A 75,000-liter rainwater catchment tank will help alleviate the water crisis at this school. The school will help collect the needed construction materials such as sand, bricks, rocks, and water for mixing cement. We will complement their materials by providing an expert team of artisans, tools, hardware, and the guttering system. Once finished, this tank will begin catching rainfall that will be used by the school’s students and staff for drinking, handwashing, cooking, cleaning, and much more.

We and the school strongly believe that all of these components will work together to improve standards at this school, which will help lead to better student academic performance and will help to unlock the potential for these students to live better, healthier lives.

Handwashing Stations

There is currently nowhere for students to wash their hands after using the latrines or before eating lunch, let alone the water to do so.

The student health club will oversee the 2 new handwashing stations we will provide, and make sure they are kept clean and in working condition. The club leaders will fill the handwashing stations with water daily and make sure they are always supplied with a cleaning agent such as soap or ash.

VIP Latrines

2 triple-door latrine blocks will be constructed with local materials that the school will help gather. 3 doors will serve the girls while the other 3 will serve the boys. All of these new latrines will have cement floors that are designed to be easy to use and to clean. And with a rain tank right on school property, there should be enough water to keep them clean.

Training on Health, Hygiene, COVID-19, and More

We will hold a 1-day intensive training session with students, teachers, and parents. This training will cover a wide range of topics including COVID-19 symptoms, transmission routes, and prevention; personal and environmental hygiene; and the operation and maintenance of the rain tank, latrines, and handwashing stations. There will be a special emphasis on handwashing.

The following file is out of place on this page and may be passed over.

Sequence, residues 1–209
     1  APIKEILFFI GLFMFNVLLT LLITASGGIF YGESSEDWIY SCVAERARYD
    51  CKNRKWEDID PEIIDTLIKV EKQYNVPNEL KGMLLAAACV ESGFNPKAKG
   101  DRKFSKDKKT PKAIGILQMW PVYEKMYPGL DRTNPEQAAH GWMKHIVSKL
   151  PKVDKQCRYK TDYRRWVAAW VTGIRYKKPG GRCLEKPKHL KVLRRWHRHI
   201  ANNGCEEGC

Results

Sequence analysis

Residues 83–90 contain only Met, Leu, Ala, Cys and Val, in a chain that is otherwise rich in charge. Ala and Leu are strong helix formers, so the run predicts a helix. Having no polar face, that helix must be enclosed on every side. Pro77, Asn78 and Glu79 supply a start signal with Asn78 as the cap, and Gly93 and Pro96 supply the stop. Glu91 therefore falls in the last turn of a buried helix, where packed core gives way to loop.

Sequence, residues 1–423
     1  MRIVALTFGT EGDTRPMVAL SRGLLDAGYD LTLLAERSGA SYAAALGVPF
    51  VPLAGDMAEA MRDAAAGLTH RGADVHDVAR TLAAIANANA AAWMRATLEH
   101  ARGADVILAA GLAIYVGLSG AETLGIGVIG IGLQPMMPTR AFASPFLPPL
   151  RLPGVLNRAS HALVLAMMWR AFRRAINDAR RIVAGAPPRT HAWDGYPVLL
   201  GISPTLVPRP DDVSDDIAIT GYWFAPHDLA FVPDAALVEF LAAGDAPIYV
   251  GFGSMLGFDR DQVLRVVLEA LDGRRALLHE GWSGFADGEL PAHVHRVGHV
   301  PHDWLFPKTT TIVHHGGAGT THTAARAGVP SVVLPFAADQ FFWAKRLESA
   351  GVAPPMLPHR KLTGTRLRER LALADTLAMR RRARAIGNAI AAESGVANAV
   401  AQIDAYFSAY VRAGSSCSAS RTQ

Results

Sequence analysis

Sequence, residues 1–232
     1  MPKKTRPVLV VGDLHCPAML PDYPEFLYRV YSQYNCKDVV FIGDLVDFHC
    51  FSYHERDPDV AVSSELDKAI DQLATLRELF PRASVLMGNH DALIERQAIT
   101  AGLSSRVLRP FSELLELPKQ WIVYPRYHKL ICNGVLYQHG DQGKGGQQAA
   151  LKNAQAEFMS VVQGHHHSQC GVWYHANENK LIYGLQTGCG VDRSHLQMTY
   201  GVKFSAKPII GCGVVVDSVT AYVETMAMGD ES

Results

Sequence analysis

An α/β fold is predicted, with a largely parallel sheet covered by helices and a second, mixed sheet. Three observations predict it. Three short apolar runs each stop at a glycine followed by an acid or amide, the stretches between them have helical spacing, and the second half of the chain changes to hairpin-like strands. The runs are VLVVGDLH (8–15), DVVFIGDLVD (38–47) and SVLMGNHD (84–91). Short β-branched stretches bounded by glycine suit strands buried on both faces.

Our team of facilitators will use a variety of methods to train, including participatory hygiene and sanitation transformation, and asset-based community development. We will initiate a student health club, which will prepare students to lead other pupils into healthy habits at school and at home. We will also lead lectures, group discussions, and provide illustrative handouts to teach health topics and ways to promote good hygiene practices within the school including handwashing and water treatment. We will then conduct a series of follow-up trainings before transitioning to our regularly scheduled support visits throughout the year.

Project Updates

April, 2021: Friends Musiri Primary School Project Complete!

Friends Musiri Primary School in Kenya now has access to a new source of safe, clean water thanks to the completion of their rain tank, which can collect 75,000 liters of water! We installed new latrines and handwashing stations for students, and we trained the school on improved sanitation and hygiene practices, including COVID-19 prevention. These components work together to unlock the opportunity for these students to live better, healthier lives.

Students pose to say thank you at their newly completed rain tank.

"Before the construction of this water point, I had to bring at least 20 liters of water to school, but now, with this, I am assured of having water at all times, therefore having more time to engage in my studies," said pupil Janepher.

"This water will ensure I have access to safe water at all times, therefore reducing the risk of contracting waterborne diseases due to unsafe water. Also, it ensures I have more time for learning and also participating in other extracurricular activities I have always wished to be in."

Teachers were just as excited as the students about the new rain tank on campus.

"Before the installation of the water point, my classes would be disrupted so that learners could get water for use at the school. Now, with this, I am sure of uninterrupted lessons with my learners, and with this I hope for better performance. This water point will ensure I get the most time with my learners in class, and this should, in turn, yield good performance at the end of it all," remarked teacher Margaret Kageha.